New Courthouse for Travis County?

Commissioners to discuss possible downtown land purchase

The Heman Marion Sweatt courthouse
The Heman Marion Sweatt courthouse (by courtesy of Travis County)

Travis County Commissioners will reportedly discuss in executive session tomorrow (Tuesday) whether to purchase a plot of Downtown Austin land for the development of a new civil courthouse.

The location of the land is officially still under wraps – Comissioner Sarah Eckhardt said the seller wants to keep the deal quiet until "the money goes hard" – as is the price tag, although strong local buzz identifies it as the Austin Museum of Art tract at Fourth and Guadalupe, currently a parking lot next to Republic Square Park, best known as the location of a weekend farmers’ market. According to the county's tax roll, the property is valued at roughly $13.9 million. Eckhardt would not comment on whether that is the property is under consideration, but said that the specifics of any purchase will likely be made public before the end of the month. (Open Meetings laws allow an exemption for private discussion of certain real estate deals.)

Courthouse regulars – including many of the judges – and county officials have long known that the current civil courthouse, the historic 1931 Heman Marion Sweatt building that once housed all branches of county government, has been at overcapacity; currently, said Eckhardt, it is 40% over its original capacity. For the civil courts alone (not counting probate court or the clerks offices), the building has just under 50,000 square feet; by 2035, the county estimates that the civil courts alone will need just more than 188,000 square feet. In short, the county needs the space, Eckhardt said.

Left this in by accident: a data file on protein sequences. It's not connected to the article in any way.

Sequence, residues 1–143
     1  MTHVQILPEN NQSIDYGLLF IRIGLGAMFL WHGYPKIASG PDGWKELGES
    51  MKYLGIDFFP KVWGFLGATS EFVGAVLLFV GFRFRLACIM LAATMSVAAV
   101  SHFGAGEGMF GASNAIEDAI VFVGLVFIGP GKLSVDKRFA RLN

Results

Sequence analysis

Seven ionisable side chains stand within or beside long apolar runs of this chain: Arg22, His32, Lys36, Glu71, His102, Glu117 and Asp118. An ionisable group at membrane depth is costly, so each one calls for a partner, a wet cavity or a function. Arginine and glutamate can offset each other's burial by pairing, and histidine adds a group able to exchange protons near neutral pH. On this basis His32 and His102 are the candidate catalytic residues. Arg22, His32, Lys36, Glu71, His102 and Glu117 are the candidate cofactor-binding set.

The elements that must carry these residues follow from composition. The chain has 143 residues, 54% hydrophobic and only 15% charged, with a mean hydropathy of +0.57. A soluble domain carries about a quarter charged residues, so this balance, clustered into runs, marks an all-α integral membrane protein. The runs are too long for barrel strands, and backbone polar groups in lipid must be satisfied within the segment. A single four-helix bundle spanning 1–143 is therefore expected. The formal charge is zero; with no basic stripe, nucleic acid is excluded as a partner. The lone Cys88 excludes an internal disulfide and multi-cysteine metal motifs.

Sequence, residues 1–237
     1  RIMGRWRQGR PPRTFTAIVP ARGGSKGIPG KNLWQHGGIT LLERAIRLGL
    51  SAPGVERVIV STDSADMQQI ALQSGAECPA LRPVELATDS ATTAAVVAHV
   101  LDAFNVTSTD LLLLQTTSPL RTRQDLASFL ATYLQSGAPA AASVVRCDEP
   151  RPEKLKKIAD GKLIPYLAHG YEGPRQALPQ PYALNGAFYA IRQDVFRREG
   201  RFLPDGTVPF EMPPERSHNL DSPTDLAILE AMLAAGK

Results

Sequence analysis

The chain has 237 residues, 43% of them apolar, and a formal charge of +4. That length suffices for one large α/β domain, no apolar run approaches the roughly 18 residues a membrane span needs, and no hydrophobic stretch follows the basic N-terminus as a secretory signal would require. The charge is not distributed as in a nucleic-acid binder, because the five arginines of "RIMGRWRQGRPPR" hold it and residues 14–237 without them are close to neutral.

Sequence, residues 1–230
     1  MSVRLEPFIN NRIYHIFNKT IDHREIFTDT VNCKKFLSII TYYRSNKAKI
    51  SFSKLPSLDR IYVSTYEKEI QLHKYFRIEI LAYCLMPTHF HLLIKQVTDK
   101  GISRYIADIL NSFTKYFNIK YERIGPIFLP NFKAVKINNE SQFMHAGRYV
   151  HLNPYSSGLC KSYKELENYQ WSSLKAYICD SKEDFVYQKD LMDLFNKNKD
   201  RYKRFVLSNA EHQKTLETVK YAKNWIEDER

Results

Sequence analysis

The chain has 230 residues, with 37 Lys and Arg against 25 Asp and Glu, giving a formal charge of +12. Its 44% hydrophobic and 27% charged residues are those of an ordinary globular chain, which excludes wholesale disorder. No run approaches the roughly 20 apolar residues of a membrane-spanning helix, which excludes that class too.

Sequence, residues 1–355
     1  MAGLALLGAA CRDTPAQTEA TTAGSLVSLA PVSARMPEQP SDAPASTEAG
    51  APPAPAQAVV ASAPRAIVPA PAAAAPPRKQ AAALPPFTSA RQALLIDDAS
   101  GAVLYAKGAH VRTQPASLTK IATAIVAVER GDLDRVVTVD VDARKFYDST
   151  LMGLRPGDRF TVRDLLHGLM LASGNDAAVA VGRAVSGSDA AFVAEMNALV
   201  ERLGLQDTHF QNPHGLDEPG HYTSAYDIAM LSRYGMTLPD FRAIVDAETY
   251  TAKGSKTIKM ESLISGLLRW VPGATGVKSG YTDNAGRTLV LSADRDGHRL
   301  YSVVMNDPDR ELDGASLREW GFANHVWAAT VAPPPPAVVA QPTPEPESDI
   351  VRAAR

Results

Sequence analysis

Moreover, she notes that a new courthouse could accommodate other offices and spaces that the current courthouse doesn't have room for. For example, she said that a new building would be able to incorporate the county's dispute resolution center – meaning the county's mediation services could actually be housed along with the courts with which it works; a new facility would also be able to incorporate "dedicated square footage" for "some level of child care" for families involved in Child Protective Services and/or divorce cases. As it is now, she said, the "warring parties" all must sit in the courthouse hallways on benches – not an ideal situation.

The plan to build a new courthouse facility is part of the county's multi-phase Central Campus Master Plan in Austin's central business district. Eckhardt says the construction of the new courthouse would fall within the first phase of the project, meaning construction would be complete within the next 10 years.

Eckhardt said the purchase of the land, wherever it may be, will be accomplished by issuing certificates of obligation, which allows the county to move quickly to seal the deal. The construction of the courthouse and other facilities will have to be accomplished via a "long-term bond program" so that the "full [financial] burden" of the projects doesn't "sit on the back of only current county residents," since the full scope of the project is designed also to benefit future county residents. The county is moving now on securing the real estate, however, because of lower interest rates available in the softer economic climate and "before every available block" in downtown Austin "is spoken for," she said.

Meanwhile, the county will also restore the Heman Sweatt courthouse – including the original jail facility on the top floors (commonly referred to as "Alcatravis"); that space would be used as the county's history center, housing documents for public inspection.

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Travis County, Courts, Commissioners Court, Sarah Eckhardt, Heman Marion Sweatt, courthouse, Austin Museum of Art

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